Carvajal has repeatedly denied the charges against him and his troops
A Colombian army colonel and 14 other soldiers have received prison sentences of up to 54 years for the killing of 10 undercover police officers in 2006.
Former Lt Col Bayron Carvajal was given 54 years for ordering the ambush near the southern town of Jamundi.
The police were lured to a medical centre by an informant who told them there was cocaine hidden there.
When the undercover officers arrived, they and the informant were shot dead. No drugs were ever found.
Carvajal, who was not at the scene of the massacre, said he thought his troops were attacking leftist rebels who were working with drug traffickers.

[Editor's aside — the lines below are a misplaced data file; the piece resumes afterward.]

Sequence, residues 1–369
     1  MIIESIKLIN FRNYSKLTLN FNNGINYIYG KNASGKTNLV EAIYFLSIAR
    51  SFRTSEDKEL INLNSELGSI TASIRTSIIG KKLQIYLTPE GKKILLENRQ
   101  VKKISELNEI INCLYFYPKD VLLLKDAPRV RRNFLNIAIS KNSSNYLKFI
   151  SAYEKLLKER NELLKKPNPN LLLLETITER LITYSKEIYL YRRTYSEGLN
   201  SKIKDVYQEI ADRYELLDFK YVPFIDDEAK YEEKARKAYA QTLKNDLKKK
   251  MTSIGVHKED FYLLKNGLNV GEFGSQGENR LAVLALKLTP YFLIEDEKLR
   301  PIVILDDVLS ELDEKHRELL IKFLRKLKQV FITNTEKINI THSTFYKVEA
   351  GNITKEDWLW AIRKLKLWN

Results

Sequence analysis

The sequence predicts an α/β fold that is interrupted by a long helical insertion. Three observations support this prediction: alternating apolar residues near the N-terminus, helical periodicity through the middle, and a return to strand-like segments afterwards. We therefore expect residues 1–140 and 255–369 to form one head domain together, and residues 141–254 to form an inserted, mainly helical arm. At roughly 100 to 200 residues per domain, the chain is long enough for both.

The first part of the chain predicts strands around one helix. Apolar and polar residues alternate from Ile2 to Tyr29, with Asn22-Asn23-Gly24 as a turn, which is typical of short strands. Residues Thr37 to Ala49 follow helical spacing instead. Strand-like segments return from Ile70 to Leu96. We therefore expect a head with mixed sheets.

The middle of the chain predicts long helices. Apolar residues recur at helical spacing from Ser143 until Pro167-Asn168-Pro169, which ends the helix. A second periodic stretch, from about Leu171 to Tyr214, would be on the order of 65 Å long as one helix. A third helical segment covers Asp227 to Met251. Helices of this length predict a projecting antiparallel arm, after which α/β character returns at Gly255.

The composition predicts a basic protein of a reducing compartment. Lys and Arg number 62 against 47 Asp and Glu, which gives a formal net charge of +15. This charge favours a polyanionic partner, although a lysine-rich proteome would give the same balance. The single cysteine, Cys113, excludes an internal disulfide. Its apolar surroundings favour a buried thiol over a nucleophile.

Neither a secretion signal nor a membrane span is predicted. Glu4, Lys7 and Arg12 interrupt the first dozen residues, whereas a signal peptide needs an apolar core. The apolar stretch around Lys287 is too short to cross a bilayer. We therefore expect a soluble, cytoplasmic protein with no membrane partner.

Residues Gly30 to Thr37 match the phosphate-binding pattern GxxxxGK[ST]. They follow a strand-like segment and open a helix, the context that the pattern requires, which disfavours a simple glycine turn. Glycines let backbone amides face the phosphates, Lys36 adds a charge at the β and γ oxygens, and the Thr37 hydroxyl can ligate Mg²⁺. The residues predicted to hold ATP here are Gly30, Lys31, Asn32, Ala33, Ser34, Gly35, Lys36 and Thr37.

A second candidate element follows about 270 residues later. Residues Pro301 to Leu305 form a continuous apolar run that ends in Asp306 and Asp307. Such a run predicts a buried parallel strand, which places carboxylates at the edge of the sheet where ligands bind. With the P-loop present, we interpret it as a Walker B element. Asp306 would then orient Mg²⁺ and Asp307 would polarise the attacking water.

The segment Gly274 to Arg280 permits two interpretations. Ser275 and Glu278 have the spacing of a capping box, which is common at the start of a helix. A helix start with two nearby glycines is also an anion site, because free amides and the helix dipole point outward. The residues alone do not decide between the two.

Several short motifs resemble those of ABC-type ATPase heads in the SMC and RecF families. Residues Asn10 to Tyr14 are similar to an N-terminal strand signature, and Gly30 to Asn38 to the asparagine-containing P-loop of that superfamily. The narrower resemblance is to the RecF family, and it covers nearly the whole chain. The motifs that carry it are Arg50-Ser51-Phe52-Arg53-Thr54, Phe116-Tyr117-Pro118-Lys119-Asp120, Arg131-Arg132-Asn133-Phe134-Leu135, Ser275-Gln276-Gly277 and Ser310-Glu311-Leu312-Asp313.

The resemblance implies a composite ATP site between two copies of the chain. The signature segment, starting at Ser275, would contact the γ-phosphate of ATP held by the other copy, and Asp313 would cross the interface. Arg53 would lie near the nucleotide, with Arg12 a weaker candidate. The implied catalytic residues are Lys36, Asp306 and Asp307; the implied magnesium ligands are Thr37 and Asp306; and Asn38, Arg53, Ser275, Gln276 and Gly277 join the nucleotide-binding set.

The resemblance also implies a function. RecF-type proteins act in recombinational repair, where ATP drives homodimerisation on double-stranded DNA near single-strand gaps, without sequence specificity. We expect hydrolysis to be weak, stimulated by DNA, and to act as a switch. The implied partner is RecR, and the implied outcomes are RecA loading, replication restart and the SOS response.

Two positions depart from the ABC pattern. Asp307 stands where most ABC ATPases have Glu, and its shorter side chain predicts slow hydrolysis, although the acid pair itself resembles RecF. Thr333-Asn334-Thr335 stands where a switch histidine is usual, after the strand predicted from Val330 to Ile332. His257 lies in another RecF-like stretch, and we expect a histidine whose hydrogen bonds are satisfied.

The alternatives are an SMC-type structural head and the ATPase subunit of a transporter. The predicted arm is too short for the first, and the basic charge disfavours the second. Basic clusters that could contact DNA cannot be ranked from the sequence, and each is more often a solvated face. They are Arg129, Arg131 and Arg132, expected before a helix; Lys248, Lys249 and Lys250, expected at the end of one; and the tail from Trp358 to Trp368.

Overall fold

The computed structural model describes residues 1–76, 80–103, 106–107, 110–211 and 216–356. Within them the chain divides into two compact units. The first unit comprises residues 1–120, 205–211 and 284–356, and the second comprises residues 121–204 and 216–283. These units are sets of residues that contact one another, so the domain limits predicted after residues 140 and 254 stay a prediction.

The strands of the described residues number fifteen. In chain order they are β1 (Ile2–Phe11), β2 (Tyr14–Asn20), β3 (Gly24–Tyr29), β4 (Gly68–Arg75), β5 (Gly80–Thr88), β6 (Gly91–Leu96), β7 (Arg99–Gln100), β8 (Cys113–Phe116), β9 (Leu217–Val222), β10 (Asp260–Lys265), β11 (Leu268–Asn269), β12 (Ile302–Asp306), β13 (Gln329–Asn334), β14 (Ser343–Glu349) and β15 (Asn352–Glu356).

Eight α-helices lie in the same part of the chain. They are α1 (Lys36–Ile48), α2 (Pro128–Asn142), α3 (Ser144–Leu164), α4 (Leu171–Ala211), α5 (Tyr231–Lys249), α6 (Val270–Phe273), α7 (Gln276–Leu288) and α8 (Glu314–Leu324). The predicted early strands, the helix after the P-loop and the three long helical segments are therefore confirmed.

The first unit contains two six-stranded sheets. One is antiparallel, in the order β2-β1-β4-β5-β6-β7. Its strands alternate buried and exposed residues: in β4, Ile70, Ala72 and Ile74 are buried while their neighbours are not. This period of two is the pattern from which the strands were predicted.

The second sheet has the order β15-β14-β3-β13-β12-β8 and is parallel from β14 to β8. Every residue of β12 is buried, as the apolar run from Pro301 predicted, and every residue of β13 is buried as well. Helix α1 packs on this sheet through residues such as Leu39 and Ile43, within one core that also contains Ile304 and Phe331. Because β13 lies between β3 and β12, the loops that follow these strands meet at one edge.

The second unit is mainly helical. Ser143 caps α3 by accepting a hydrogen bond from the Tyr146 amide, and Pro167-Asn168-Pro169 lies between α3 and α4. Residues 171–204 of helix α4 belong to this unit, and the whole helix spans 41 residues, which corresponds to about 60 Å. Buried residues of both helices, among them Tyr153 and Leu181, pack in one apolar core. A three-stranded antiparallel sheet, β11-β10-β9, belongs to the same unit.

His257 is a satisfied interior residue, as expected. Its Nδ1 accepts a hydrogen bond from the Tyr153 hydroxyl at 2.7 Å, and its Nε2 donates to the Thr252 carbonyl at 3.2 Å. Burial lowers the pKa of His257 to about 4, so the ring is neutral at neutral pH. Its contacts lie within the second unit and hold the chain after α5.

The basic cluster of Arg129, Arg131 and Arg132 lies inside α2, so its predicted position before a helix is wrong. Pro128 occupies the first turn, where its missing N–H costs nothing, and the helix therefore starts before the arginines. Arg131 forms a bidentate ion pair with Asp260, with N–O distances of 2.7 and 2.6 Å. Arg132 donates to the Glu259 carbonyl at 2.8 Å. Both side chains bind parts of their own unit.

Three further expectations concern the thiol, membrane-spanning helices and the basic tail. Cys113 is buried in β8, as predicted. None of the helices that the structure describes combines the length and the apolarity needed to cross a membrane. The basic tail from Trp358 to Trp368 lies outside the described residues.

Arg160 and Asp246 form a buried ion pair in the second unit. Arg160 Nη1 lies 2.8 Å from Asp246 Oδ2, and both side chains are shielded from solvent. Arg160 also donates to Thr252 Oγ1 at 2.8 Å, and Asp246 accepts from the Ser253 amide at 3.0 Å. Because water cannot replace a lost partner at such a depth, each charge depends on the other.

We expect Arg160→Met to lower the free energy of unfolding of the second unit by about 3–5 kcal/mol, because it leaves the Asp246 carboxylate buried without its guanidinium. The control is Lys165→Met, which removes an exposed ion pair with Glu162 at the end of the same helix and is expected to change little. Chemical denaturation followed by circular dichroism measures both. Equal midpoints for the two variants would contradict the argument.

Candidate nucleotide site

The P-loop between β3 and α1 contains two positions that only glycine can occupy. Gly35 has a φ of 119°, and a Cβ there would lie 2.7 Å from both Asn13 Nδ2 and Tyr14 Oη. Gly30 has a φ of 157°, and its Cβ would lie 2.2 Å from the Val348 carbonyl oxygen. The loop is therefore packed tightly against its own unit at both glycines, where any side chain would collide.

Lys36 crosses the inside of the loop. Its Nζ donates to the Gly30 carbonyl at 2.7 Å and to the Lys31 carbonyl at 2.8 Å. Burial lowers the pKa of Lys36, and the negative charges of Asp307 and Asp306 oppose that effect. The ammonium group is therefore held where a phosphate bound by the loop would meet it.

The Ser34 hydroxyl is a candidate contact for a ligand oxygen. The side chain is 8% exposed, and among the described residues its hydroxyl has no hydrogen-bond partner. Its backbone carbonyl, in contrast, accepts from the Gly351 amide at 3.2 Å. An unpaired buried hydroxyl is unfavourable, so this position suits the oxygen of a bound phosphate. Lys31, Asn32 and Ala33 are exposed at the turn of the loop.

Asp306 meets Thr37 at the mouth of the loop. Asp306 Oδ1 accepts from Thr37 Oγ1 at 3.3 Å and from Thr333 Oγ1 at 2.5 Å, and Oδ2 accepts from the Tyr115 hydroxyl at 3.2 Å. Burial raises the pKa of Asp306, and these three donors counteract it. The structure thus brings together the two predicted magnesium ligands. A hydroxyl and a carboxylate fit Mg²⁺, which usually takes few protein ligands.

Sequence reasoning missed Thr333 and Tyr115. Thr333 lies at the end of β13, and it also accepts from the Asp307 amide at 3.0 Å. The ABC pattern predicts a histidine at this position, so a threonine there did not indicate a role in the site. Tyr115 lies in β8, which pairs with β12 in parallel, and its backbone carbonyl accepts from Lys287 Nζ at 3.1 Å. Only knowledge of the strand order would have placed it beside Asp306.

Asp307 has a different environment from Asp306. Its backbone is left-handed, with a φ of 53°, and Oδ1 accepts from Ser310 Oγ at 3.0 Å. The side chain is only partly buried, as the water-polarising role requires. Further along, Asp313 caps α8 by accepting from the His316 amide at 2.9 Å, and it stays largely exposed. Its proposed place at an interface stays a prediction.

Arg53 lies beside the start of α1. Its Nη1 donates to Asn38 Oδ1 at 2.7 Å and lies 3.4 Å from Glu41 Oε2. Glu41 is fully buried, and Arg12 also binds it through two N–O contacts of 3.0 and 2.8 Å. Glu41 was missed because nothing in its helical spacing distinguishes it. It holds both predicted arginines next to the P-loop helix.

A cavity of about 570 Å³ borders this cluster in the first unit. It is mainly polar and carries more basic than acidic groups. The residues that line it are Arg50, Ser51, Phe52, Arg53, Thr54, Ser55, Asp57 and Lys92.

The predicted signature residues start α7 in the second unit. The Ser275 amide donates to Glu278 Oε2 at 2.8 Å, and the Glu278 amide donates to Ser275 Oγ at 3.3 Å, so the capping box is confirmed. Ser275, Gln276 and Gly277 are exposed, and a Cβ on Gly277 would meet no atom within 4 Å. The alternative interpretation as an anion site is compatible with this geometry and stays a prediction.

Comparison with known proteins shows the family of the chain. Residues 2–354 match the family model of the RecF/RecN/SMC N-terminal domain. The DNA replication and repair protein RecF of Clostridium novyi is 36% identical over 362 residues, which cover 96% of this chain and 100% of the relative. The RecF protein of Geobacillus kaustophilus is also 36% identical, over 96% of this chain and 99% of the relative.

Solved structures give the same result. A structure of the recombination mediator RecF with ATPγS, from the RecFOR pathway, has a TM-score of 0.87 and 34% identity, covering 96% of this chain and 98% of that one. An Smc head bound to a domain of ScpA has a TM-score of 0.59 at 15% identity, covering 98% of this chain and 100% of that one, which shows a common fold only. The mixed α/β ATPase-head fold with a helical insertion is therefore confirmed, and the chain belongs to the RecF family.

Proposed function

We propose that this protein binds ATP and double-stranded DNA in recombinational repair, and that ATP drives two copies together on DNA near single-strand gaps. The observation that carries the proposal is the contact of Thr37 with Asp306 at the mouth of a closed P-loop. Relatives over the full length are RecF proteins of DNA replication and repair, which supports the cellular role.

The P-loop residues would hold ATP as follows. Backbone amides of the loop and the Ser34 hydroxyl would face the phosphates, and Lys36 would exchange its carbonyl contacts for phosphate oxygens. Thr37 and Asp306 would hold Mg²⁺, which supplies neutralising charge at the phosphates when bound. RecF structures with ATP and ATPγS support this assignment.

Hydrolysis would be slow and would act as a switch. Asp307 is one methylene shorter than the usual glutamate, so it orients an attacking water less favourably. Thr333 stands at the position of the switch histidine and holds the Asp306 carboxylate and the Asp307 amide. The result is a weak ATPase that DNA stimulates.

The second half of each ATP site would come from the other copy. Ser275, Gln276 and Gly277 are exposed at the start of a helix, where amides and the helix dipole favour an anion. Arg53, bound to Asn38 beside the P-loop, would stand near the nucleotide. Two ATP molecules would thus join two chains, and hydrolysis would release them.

Officials said inquiries suggested links between Carvajal's troops and drug gangs operating in the region.
At Wednesday's hearing in Cali, some of the defendant's relatives broke into sobs when the sentences were read out, the Associated Press news agency reported.
Carvajal's second-in-command, former Lt Harrison Castro, was sentenced to 52 years.
The other soldiers involved were each given 50 years.
The incident was initially thought to be a friendly fire accident
Prosecutors had called for the maximum of 60 years in prison for the convicted soldiers.
The dead officers belonged to an elite unit of Colombia's judicial investigative police, and had trained in the US.
A long-running conflict in Colombia - the world's largest cocaine producer - between leftist rebels, security forces and right-wing militias has left tens of thousands of people dead.